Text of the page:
Over the last 6 months there has been a deep focus on performance in order to release Firefox 57. Hundreds of developers sought out performance improvements and after thousands of small adjustments we see massive improvements.
Last week I introduced Ionut who has come in as a Performance Sheriff. What do we do on a regular basis when it comes to monitoring performance. In the past I focused on Talos and how many bugs per release we found, fixed, and closed. While that is fun and interesting, we have expanded the scope of sheriffing.
Currently we have many frameworks:
- Talos (old fashioned perf testing, in-tree, per commit, all desktop platforms- startup, benchmarks, pageload)
- build_metrics (compile time, installer size, sccache hit rate, num_constructors, etc.)
- AWSY (are we slim yet, now in-tree, per commit, measuring memory during heavy pageload activity)
- Autophone (android fennec startup + talos tests, running on 4 different phones, per commit)
- Platform Microbenchmarks (developer written GTEST (cpp code), mostly graphics and stylo specific)
We continue to refine benchmarks and tests on each of these frameworks to ensure we are running on relevant configurations, measuring the right things, and not duplicating data unnecessarily.
Looking at the list of frameworks, we collect 1127 unique data points and alert on them with included bugs for anything sustained and valid. While the number of unique metrics can change, here are the current number of metrics we track:
While we generate these metrics for every commit (or every few commits for load reasons), what happens is we detect a regression and generate an alert. In fact we have a sizable number of alerts in the last 6 weeks:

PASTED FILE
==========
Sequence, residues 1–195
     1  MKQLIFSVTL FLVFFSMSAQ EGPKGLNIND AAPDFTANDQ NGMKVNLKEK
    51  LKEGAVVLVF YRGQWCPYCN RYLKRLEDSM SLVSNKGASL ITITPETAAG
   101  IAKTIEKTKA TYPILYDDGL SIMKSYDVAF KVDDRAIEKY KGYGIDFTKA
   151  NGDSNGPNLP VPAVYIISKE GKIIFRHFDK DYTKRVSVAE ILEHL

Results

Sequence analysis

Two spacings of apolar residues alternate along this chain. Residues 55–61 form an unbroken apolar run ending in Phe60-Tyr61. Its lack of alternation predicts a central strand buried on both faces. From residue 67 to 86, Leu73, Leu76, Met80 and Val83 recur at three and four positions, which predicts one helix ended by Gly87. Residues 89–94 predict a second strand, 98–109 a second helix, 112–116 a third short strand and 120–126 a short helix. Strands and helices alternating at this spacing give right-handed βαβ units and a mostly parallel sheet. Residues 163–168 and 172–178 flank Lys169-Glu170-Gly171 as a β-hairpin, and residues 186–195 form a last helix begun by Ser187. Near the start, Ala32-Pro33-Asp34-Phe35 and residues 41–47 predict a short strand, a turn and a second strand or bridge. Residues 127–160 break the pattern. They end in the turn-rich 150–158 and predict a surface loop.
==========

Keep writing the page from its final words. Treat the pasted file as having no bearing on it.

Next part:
Alerts are not really what we file bugs on, instead we have an alert summary when can (and typically) does contain a set of alerts. Here is the total number of alert summaries (i.e. what a sheriff will look at):
These alert summaries are then mapped into bugs (or downstream alerts to where the alerts started). Here is a breakdown of the bugs we have:
This indicates there are 73 bugs associated with Performance Summaries . What is deceptive here is many of those bugs are ‘improvements’ and not ‘regressions’. If you figured it out, we do associate improvements with bugs and try to comment in the bugs to let you know of the impact your code has on a [set of] metric[s].
This is a much smaller number of bugs- now there are a few quirks here-
- some regressions show up across multiple frameworks (reduces to 43 total)
- some bugs that are ‘downstream’ are marked against the root cause instead of just being downstream. Often this happens when we are sheriffing bugs and a downstream alert shows up a couple days later.
Over the last few releases here are the tracking bugs:
- Firefox 55 – 56 regressions
- Firefox 56 – 65 regressions
- Firefox 57 – 50 regressions
- Firefox 58 – 28 regressions (to date – 1.5 weeks left)
Note that Firefox 58 has 28 bugs associated with it, but we have 43 bugs from the above query. Some of those bugs from the above query are related to Firefox 57, and some are starred against a duplicate bug or a root cause bug instead of the regression bug.
I hope you find this data useful and informative towards understanding what goes on with all the performance data.